Fort Scott (Arlington, Virginia)

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Fort Scott
Part of the Civil War defenses of Washington, D.C.
Arlington, Virginia, USA
Coordinates 38°50′46″N 77°03′32″W / 38.846°N 77.059°W / 38.846; -77.059Coordinates: 38°50′46″N 77°03′32″W / 38.846°N 77.059°W / 38.846; -77.059
Type Earthwork fort
Site information
Controlled by Union Army
Open to
the public
Condition Dismantled
Site history
Built 1861
In use 1861–1865
Built by U.S. Army Corps of Engineers
Materials Earth, timber
Battles/wars American Civil War
Fort Scott Historical Sign

Named for General Winfield Scott, who was then General-in-Chief of the Union Army, Fort Scott was a detached lunette constructed in May 1861 to guard the south flank of the defenses of Washington during the American Civil War. An historic marker and a small remnant of the fort are the only evidence of the site of the fort on the grounds of what is now the Fort Scott Park in Arlington County, Virginia. When originally built, the fort had a perimeter of 313 yards and emplacements for 8 guns. Construction of the defense of Alexandria to the west subsequently reduced the importance of the fort.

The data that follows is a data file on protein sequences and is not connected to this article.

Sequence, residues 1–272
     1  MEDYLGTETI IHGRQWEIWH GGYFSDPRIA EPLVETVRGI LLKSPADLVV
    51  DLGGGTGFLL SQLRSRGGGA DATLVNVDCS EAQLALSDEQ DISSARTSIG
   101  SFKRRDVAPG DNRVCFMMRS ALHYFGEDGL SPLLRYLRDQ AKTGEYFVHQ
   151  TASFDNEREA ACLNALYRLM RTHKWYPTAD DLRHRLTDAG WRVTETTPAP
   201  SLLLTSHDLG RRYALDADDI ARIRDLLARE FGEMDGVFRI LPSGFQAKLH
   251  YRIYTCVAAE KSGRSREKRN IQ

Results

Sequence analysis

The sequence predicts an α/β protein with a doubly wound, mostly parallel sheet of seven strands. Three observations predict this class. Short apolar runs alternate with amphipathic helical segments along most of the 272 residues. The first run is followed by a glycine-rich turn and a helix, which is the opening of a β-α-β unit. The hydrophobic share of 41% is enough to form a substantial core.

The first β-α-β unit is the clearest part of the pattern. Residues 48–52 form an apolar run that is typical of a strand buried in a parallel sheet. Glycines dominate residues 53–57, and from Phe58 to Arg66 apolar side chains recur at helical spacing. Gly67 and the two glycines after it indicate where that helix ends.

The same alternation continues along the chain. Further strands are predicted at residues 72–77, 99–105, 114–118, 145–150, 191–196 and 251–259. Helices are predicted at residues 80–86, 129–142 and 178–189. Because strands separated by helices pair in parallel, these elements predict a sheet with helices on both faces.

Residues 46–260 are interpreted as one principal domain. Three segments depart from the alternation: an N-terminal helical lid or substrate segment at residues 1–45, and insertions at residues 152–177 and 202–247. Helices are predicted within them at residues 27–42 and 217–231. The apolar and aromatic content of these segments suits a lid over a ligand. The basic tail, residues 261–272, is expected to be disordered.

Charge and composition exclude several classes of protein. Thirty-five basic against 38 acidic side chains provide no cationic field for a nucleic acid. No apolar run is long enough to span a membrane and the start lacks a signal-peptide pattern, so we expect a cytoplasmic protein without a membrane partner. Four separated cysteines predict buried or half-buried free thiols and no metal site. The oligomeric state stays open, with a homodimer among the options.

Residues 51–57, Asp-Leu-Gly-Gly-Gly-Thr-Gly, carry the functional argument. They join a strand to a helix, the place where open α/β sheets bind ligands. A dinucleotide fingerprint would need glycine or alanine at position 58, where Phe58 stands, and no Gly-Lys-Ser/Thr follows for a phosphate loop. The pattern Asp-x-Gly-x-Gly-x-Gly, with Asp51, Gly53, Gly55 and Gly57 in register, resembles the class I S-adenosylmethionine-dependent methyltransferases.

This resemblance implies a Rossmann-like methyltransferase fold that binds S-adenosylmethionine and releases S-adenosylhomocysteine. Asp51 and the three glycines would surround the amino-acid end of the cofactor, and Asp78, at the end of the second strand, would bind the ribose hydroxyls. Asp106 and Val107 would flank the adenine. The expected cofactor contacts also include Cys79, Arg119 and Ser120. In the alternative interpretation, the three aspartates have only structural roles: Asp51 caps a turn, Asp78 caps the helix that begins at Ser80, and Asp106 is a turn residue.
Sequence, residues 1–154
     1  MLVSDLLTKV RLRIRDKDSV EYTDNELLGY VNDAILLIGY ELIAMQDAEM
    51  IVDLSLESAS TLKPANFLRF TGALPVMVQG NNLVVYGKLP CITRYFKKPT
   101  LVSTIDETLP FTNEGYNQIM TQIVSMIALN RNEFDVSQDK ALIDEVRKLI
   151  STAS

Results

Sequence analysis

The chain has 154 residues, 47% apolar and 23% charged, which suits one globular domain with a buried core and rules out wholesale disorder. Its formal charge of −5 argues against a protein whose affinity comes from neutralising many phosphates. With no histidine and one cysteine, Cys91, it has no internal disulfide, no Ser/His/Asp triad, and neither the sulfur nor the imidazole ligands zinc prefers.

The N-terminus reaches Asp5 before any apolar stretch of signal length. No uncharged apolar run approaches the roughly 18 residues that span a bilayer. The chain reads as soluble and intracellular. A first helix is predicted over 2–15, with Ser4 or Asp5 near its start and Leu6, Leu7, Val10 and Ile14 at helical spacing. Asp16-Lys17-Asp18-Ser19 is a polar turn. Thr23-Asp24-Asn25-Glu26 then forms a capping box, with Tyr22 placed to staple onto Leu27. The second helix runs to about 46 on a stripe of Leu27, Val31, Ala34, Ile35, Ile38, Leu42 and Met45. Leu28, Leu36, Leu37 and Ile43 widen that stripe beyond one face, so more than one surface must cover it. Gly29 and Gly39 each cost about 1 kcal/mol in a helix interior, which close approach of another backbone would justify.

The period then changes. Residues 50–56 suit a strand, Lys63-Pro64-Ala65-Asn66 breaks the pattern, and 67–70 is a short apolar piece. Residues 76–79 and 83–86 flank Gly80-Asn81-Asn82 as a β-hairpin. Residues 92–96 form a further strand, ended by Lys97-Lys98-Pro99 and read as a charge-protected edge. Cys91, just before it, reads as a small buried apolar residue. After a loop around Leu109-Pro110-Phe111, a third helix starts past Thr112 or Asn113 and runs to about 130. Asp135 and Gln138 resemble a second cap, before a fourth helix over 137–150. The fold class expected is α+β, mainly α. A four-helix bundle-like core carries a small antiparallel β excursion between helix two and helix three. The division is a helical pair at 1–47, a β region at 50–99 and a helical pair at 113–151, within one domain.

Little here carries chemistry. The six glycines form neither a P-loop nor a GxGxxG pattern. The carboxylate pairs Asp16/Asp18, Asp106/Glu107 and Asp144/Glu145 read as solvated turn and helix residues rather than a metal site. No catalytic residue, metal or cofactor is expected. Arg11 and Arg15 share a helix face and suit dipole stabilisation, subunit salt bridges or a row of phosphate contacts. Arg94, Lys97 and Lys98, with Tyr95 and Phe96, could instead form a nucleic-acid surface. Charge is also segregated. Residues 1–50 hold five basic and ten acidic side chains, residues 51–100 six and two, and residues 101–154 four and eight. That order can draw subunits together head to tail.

The fort is designated as a Historic District and is located in the Arlington Ridge community.